Travel is not only exhilarating, it can also be physically taxing. Your body must adjust to different time zones, exercise routines, sleep disruption, fatigue, and diet.
While all of these changes impact our health and well-being, I find diet causes me the most trouble. Maintaining a healthy diet on the road isn’t easy and air travel is a contributing factor.
Airlines rarely feed their coach passengers and the snacks and food they sell onboard is limited. Airports sometimes have good food outlets, but you can’t depend on it. Carrying or locating healthy foods that don’t require refrigeration is a challenge.
A lunch bag solution
I tried a freezable lunch bag on my recent trip. It has a freezable gel liner built right into the lunch bag that you place in the freezer overnight for 12 hours, as per instructions.
After my bag was frozen, I packed it with sliced fresh peaches and mango, a homemade turkey sandwich with lettuce and tomato, and I tucked napkins and a plastic spoon and fork in the outside pocket.
The frozen lunch bag made it through the TSA checkpoint without any problem and once inside, I added a yogurt parfait and a chilled bottle of water.
The lunch bag I chose (they come in different sizes with many pattern/color options) had a strap and could be worn over the shoulder, but I tucked mine in my tote bag. It kept my food cool for ten hours and for the first time, I was fully satisfied on my flight and felt raring to go when I reached my destination.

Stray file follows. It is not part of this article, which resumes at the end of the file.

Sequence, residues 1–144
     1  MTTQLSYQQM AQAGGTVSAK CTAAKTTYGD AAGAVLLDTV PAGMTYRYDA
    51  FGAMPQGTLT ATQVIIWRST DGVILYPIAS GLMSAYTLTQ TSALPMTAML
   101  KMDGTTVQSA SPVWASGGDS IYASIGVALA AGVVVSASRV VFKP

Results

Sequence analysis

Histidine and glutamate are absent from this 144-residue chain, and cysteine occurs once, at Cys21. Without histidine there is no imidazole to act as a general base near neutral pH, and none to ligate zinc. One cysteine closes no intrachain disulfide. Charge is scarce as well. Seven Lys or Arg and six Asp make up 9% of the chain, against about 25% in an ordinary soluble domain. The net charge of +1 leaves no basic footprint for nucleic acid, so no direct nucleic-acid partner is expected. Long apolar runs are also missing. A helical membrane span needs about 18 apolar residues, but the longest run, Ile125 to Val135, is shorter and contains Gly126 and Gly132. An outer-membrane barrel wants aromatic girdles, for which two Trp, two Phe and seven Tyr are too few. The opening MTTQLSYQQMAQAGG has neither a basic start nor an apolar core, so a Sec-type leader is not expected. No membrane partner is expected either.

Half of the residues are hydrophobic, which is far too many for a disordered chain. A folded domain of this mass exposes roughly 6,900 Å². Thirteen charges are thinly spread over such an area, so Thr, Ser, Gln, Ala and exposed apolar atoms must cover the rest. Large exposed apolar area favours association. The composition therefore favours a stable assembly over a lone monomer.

TSA guidelines on food
You are permitted to carry meat, fish, vegetables and other non-liquid food items in your carry-on. The TSA guidelines state: “If the food is packed with ice or ice packs in a cooler or other container, the ice or ice packs must be completely frozen when brought through screening. If the ice or ice packs are partially melted and have any liquid at the bottom of the container, they will not be permitted.”
As a precaution you may still be subjected to additional screening or not allowed through a checkpoint if your items “trigger an alarm during the screening process, appear to have been tampered with, or pose other security concerns. The final decision rests with TSA on whether to allow any items on the plane.”
Foods to take onboard
There are a variety of healthy options that do not require refrigeration, including: fresh fruits, dried fruits, nuts, trail mixes, nut butter sandwiches, whole grain crackers, and pretzels. If you purchase sandwiches, yogurt, and salads at the airport, they require refrigeration and should be eaten shortly after takeoff.
I was so happy with my freezable lunch bag that I purchased several different sizes. Healthy options I’ll pack in it include: cut up raw vegetables, sliced fruits, peeled and sectioned citrus, lowfat cheeses and whole grain crackers, and homemade sandwiches. I enjoy yogurt and yogurt parfaits and with the freezable lunch bag, I can eat them any time during my flight.
Whatever you choose to do, a cache of wholesome food choices will make your flight more pleasant and help you to feel invigorated upon arrival, ready to enjoy your travels.